Legislation enabling an extra 15% tax on earnings on super balances above $3m is before Parliament.
While not a concern for the average worker, if enacted, those with significant property or other illiquid assets in their superannuation fund are most at risk, for example farmers and business operators who own their business property in their self managed superannuation fund (SMSF).
The issue is how the tax is calculated. The tax captures the growth in the balance of a member’s superannuation over the financial year (allowing for contributions and withdrawals). It captures both:
- Realised gains from the sale of assets, and
- Unrealised gains triggered by an increase in the value of superannuation assets. For example, if the value of a property increases.
If the member’s total super balance has decreased – the loss can be offset against future years.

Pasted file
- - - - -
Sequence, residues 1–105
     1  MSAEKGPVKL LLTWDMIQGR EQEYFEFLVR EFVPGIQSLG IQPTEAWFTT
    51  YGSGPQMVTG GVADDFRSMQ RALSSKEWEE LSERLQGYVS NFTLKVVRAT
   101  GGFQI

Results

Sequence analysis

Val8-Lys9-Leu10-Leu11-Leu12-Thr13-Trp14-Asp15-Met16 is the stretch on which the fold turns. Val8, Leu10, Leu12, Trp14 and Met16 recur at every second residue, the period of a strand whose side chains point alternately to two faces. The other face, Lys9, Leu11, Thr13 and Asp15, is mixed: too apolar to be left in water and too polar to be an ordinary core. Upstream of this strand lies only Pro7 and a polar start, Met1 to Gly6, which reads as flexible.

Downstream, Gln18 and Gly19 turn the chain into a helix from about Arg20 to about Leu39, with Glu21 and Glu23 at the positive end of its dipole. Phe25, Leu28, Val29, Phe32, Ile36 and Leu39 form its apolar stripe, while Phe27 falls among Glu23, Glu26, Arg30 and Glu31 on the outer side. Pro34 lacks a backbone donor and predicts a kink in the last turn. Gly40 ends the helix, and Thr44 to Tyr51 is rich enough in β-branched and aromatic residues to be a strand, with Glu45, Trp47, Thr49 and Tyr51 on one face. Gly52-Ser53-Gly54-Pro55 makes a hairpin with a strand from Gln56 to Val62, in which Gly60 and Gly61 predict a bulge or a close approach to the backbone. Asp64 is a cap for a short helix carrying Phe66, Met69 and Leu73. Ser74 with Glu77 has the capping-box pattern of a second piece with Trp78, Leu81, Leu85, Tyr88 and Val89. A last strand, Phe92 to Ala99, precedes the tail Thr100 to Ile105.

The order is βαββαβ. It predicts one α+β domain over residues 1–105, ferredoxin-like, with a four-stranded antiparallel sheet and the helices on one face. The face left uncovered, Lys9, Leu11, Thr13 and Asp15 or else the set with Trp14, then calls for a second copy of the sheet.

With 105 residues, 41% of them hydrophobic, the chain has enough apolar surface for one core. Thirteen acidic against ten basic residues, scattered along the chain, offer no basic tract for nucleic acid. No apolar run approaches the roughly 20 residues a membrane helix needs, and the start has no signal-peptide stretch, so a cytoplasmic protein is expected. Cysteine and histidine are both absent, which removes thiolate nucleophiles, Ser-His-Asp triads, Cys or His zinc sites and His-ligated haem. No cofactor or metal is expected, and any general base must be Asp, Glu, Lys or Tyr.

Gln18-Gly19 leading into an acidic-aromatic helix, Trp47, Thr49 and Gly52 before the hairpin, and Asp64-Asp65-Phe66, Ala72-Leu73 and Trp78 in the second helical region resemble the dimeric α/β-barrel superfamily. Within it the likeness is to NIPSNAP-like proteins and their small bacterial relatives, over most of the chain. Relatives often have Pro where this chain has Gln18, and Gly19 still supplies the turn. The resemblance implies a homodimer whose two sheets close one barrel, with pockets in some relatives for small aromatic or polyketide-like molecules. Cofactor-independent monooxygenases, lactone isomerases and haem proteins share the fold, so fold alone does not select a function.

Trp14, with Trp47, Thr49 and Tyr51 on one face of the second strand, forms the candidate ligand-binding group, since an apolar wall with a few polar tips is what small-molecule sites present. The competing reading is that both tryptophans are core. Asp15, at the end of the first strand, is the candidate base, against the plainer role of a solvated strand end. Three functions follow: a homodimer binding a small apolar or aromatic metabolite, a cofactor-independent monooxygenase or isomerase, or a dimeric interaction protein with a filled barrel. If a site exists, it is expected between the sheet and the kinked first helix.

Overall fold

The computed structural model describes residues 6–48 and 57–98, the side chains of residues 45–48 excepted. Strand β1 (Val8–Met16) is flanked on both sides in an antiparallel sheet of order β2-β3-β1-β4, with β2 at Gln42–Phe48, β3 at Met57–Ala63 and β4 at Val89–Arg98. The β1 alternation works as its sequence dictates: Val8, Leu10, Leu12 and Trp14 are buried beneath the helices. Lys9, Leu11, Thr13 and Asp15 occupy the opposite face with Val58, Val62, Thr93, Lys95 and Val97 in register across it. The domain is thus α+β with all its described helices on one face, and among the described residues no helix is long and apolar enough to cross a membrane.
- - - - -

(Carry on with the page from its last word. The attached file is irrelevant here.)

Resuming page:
The ATO will calculate the tax each year. Members with balances in excess of $3 million will be tested for the first time on 30 June 2026, with the first notice of assessment expected to be issued to those impacted in the 2026-27 financial year.
If you are likely to be impacted by the impending new tax, it is important to speak to your financial adviser. While keeping assets within superannuation will remain the best option for many from a tax and planning perspective, it’s important to ensure that you’re in the best possible position.
If you have any questions, please feel free to contact our office.